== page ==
After days and days of construction, I was so excited to do the finishing touches! Semigloss white paint and base cap molding boxes make it look almost professional. I also used cove molding to trim out the top along the wall and a piece of stop moulding to dress up the front edge of the doors. The baseboard was salvaged from the wall behind the window seat.



Pretty on the Inside

Once the outside was pretty, it was tempting just to throw my kitchen supplies inside and close it until Thanksgiving. But if you know me, you know I’m way too OCD for that. I just HAD to trim out the inside of the cabinet too. Really, I was thinking about resale. As a homebuyer, I wouldn’t want to open a shiny white cabinet and see this:

Yucky bare floor and torn up walls where we removed the baseboard. Not very clean!

Yucky bare floor and torn up walls where we removed the baseboard. Not very clean!

So I painted the bare wood, covered the walls with beadboard wallpaper, and stuck down some vinyl floor tiles. (I mean, I’m not totally insane… I wanted it to be clean and nice, but not so much that I was willing to use real wood and tile to do so!)


IMG_7820 IMG_7819 IMG_7818


Patching the Cabinet

I was even able to repair the side of the cabinet where the pub table came off. I spliced together some of the panels that made up the sides of the old pub table cabinet. They looked like Frankenstein at first….


Nothing a little putty and paint can’t fix! (OK, a lot. A LOT of putty and paint.)


A Pillow of Epic Proportions

Now I’m just working on finishing up the giant 7-foot pillow cushion. It’s hilariously huge. Someday I will make a high density foam seat cushion, but this will suffice for now!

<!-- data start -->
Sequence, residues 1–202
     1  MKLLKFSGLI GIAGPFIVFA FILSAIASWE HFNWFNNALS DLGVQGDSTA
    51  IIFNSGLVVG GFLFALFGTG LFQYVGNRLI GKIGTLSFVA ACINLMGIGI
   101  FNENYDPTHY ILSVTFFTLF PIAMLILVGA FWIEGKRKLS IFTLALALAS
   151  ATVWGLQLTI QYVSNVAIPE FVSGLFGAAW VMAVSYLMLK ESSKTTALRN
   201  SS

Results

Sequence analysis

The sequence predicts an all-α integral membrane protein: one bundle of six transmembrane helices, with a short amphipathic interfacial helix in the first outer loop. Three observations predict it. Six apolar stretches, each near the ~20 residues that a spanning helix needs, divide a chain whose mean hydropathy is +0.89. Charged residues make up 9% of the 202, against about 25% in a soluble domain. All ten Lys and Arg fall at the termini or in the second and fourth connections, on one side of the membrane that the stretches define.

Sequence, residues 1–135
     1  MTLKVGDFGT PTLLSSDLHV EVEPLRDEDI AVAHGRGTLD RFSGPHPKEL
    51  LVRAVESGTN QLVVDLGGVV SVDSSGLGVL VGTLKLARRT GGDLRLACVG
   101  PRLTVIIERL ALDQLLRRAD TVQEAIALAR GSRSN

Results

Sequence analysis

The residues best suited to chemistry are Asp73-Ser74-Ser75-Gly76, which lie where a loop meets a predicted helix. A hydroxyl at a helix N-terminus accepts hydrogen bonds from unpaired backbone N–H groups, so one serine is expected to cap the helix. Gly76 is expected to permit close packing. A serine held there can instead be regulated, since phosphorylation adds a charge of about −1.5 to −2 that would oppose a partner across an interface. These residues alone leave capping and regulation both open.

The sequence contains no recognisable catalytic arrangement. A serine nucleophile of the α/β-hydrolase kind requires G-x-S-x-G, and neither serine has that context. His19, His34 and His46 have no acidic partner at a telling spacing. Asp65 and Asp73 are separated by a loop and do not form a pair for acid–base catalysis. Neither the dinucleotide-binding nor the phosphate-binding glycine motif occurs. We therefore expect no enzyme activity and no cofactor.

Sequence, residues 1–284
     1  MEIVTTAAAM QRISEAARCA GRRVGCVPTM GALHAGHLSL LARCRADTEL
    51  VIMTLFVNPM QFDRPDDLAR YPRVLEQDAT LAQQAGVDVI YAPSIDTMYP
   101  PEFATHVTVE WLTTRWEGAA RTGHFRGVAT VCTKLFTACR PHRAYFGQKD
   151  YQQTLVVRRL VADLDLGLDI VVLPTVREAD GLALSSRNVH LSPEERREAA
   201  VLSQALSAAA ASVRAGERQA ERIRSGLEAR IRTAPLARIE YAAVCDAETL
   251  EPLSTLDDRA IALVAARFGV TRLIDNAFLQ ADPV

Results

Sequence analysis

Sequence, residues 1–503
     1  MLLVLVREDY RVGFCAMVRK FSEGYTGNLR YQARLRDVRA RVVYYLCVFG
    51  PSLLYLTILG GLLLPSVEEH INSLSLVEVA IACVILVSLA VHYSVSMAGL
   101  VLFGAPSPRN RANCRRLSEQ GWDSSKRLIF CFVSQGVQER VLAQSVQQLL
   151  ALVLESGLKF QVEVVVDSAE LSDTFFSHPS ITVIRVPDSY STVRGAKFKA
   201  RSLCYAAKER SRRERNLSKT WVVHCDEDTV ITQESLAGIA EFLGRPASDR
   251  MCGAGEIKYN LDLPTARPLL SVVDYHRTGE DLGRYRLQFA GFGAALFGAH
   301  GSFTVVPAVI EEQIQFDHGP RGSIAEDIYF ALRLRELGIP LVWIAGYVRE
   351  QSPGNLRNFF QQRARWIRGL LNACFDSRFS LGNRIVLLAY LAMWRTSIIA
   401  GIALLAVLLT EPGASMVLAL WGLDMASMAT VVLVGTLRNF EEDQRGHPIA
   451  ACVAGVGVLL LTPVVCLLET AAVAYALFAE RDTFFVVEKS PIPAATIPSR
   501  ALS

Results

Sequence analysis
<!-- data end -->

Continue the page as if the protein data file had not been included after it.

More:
Have you ever made a pillow bigger than yourself? It is a hilarious good time… I definitely recommend it. I might put it on my bucket list just to cross it off.

Happy window sitting,


Kitchen Cabinet Redo Part 3: The Light at the End of the Tunnel

Hopefully, it’s not a train! Forgive me for being a little-snake bitten, but this cabinet  project just seems to keep presenting new and unforeseen challenges. But, I’ve certainly learned a lot of things… like how European hinges work and how they are specifically adjusted to a certain cabinet and how if you mix them up you’ll never get your cabinets doors rehung properly without looking wonky. Ever. You know, things like that.

But I digress. We definitely turned a corner in the process once I got the trial and error situational research out of the way with the paint + primer mishap, followed by the sanding and stripping required to get that stuff off so I could start all over. Thanks for sticking around long enough for me to start digging out of the mess and finally making progress. And for those of you who are more interested in the solution than the problem, this one’s for you!

So once I realized I was dealing with a wax-coated finish on the cabinets (really, previous homeowners?!), I had no clue how to paint over it, short of stripping the whole kitchen back to bare wood. Luckily, the folks at the hardware store turned us on to Zinsser Cover Stain oil-based primer. Amazing stuff! It honestly seems like it would stick to anything. Maybe even a greased pig. All I know is that it stuck to my crazy wax-covered cabinets, and that’s all I really care to know for now.